4 & 5. Every Heart a Doorway – Seanan McGuire/A Calculated Life – Anne Charnock

I didn’t read many novels this year, as a proportion of the books I read, and few of them really stuck with me in the way that a lot of the non-fiction did. Besides Philip K. Dick’s VALIS, these two novels were the most thought provoking.

Were I being completely honest, I would admit that the novel that most affected me this year was Way Down Dark by James Smythe; it doesn’t make the list because the effect was negative. Perhaps I had already been down because of the referendum bullshit but Way Down Dark is the first thing I can date this year that made me really despair. It was so hopeless and bleak that it put me off reading for a while afterwards, and may explain why I read so few novels after it. As I reflected in my Goodreads review of A Calculated Life, it is possible that I enjoyed it so much because I had not enjoyed the previous, overlong, stodgy book that I read. Looking back, perhaps it was also because I followed it up with Way Down Dark.

  1. The Inconvenient Indian: A Curious Account of Native People in North America – Thomas King

The Inconvenient Indian stands apart from many of the other things that I read in 2016. I didn’t – couldn’t – review it on Goodreads, I couldn’t think how to encapsulate what it made me think and feel. I still can’t. What I can say is that it has made me reflect on some of the other histories that I read, both for my research and for pleasure, and how they discuss Indians, and colonialism, and colonization. They do not often come across all that well. Perhaps the most important key theme of the book is that of betrayal – how Native and First Nations people have constantly be betrayed by the promises and treaties that colonial Canada and the United States of America make with them. It has made me notice how far in the background Native rights are in most discussions of progressive politics in both the USA and Canada, and how easily they can be discarded once a ‘progressive’ party wins an election, but also how progressive media consistently ignores or marginalises Native peoples – or depicts them with tropes and clichés, as a people that belong in and to the past (King’s ‘Dead Indians’).

The Inconvenient Indian was published in 2013, towards the end of the Harper era (although obviously that was unclear at the time). One might have thought that with Justin Trudeau’s election things were looking better and that now, when I think about The Inconvenient Indian, I am hopeful that the cycles of mistreatment have come to an end. But 2016 has not been that kind of year. In fact, when I jokingly commented in December 2015 that Trudeau’s flip-flopping regarding his statement that Return of the Jedi was the best Star Wars film was a poor indicator for his time as Prime Minister, I didn’t expect to be proven as right as I have been this past year. It’s difficult, because as a spousal immigrant in Canada the Liberal government has improved things for me, and for those who come after me, in the ways in which they have changed the application procedures and decreased the waiting times. But the government has still betrayed its promises to First Nations people, still allowed more pipelines to be built, still isn’t prioritising missing and murdered First Nations women. The Inconvenient Indian actually provides the best check to my hopeful side in what has happened since it was written and since I read it.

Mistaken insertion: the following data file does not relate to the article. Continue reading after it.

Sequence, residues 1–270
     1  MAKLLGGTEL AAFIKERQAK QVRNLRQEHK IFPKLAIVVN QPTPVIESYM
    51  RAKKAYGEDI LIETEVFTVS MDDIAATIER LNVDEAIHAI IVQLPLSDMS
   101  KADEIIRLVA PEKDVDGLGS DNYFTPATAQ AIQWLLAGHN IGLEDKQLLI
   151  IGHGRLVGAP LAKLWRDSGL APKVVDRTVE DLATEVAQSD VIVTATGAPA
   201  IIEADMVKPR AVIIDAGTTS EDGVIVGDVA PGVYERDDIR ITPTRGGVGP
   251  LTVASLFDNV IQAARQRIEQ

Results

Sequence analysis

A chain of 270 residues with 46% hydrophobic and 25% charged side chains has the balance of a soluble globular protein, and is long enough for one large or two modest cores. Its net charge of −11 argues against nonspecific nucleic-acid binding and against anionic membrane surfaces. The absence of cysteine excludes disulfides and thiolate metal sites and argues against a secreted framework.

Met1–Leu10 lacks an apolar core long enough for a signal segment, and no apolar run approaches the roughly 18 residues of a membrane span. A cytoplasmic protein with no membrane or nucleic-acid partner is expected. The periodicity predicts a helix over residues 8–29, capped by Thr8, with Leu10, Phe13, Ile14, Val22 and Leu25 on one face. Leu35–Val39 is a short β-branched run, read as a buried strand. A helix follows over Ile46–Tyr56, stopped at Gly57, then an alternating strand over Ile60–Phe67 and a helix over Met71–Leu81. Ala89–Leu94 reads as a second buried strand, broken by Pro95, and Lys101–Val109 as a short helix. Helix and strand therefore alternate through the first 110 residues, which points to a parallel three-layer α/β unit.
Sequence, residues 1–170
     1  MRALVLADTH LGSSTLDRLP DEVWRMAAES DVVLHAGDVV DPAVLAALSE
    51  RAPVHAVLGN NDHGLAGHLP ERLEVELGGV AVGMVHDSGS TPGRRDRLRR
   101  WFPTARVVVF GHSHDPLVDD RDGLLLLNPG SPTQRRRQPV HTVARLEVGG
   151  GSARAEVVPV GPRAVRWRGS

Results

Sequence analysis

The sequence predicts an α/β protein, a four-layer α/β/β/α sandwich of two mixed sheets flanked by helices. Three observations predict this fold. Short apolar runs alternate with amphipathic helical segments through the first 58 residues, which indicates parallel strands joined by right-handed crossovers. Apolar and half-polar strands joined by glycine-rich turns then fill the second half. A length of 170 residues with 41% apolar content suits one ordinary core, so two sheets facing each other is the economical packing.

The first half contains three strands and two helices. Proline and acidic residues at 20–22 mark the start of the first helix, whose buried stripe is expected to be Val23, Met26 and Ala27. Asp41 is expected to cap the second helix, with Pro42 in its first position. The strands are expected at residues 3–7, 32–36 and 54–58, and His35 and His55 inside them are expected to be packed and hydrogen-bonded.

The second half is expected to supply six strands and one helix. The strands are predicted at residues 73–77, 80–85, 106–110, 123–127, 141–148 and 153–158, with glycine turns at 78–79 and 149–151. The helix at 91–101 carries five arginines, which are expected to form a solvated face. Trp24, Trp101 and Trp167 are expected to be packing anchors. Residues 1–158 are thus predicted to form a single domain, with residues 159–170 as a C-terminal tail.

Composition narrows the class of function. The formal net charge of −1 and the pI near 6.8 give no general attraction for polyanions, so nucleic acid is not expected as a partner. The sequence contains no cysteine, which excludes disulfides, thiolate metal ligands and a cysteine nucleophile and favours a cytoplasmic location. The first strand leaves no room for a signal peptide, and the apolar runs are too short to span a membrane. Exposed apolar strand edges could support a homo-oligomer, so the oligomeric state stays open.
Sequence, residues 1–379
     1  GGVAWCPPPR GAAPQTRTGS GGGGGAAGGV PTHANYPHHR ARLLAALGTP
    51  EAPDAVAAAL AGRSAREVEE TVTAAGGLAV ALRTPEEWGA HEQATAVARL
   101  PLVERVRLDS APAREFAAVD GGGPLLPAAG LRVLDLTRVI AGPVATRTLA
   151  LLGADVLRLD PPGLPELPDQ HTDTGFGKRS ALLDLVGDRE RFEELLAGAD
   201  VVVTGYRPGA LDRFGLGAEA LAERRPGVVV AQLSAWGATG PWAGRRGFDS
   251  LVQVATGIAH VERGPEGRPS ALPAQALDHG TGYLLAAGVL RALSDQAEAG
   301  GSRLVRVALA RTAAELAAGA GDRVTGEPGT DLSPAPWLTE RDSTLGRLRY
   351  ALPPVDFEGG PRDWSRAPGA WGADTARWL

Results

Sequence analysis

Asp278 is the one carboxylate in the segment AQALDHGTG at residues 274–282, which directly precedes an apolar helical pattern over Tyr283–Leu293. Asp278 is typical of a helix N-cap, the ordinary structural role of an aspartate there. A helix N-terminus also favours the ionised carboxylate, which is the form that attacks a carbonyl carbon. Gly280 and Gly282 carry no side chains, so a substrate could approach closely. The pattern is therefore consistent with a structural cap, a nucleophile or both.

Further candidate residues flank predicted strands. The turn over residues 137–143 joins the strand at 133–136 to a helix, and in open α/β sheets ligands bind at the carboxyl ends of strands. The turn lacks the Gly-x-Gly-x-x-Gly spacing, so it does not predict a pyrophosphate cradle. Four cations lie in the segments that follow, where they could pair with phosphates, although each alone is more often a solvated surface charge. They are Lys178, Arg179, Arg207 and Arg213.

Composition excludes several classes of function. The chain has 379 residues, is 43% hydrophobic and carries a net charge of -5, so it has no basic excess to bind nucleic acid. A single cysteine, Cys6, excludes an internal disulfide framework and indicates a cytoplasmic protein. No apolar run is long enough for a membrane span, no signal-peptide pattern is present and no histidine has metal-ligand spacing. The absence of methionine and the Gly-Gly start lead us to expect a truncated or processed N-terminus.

1. Is Everyone Hanging Out Without Me?/Why Not Me? – Mindy Kaling

I listened to a few audiobooks by comedians this year and Mindy Kaling’s were the best. It’s difficult to fit this into the narrative of hope, optimism, and despair that I’ve established throughout this account. I can reflect on the (optimistic) jokes in the first part of The Mindy Project season 5 that assume Hillary Clinton’s victory in the presidential election. But I think that, mostly, I like to think that a funny, successful person wrote a couple of books that I really enjoyed.

  1. Death’s End – Cixin Liu

I have some reservations about recommending Death’s End, especially as it is the third part of a trilogy of exceptionally long novels. The first, The Three-Body Problem, was fantastic; the second, The Dark Forest, began terribly but ended well. The trilogy is certainly worth reading if you can cope with the misogyny. But, in a way, it is even bleaker than Way Down Dark. Throughout the trilogy humanity goes through stages of hope and despair, trying to find new ways to survive, sometimes just about holding on. Despair, it seems, is the best course of action. Indeed, it is clear at some points that hope and optimism – or at least, attempting to stifle despair – causes more problems for humanity than it solves.

  1. Angry White Men: American Masculinity at the End of an Era – Michael Kimmel

Like The Inconvenient Indian, Angry White Men was published in 2013 but remains a pretty solid explanation of how what happened in 2016 happened, three years before it actually, uh, happened. This book details the circumstances in which the anguish of white men is turned to anger, and how it is directed against those who are coming up from beneath them rather than against those above them who hold them down. It also provides the handy term ‘aggrieved entitlement’ to explain how men react to no longer being the centre of attention.

While I do not think that Kimmel is guilty of the blindness to women’s suffering that I attribute to William Moulton Marston or the men in the lives of Marys Wollstonecraft and Shelley, I found that my interest in the failings of supposedly feminist men were not met by this book. It’s a topic that I find a lot of interest in because it is something that I feel myself and that I am trying to be self-reflective. It doesn’t really fall within Kimmel’s remit, which is to look at the angry masculinity of a certain kind of man, but I think that the entitlement of progressive men also needs to be considered, even though it is yet to be aggrieved.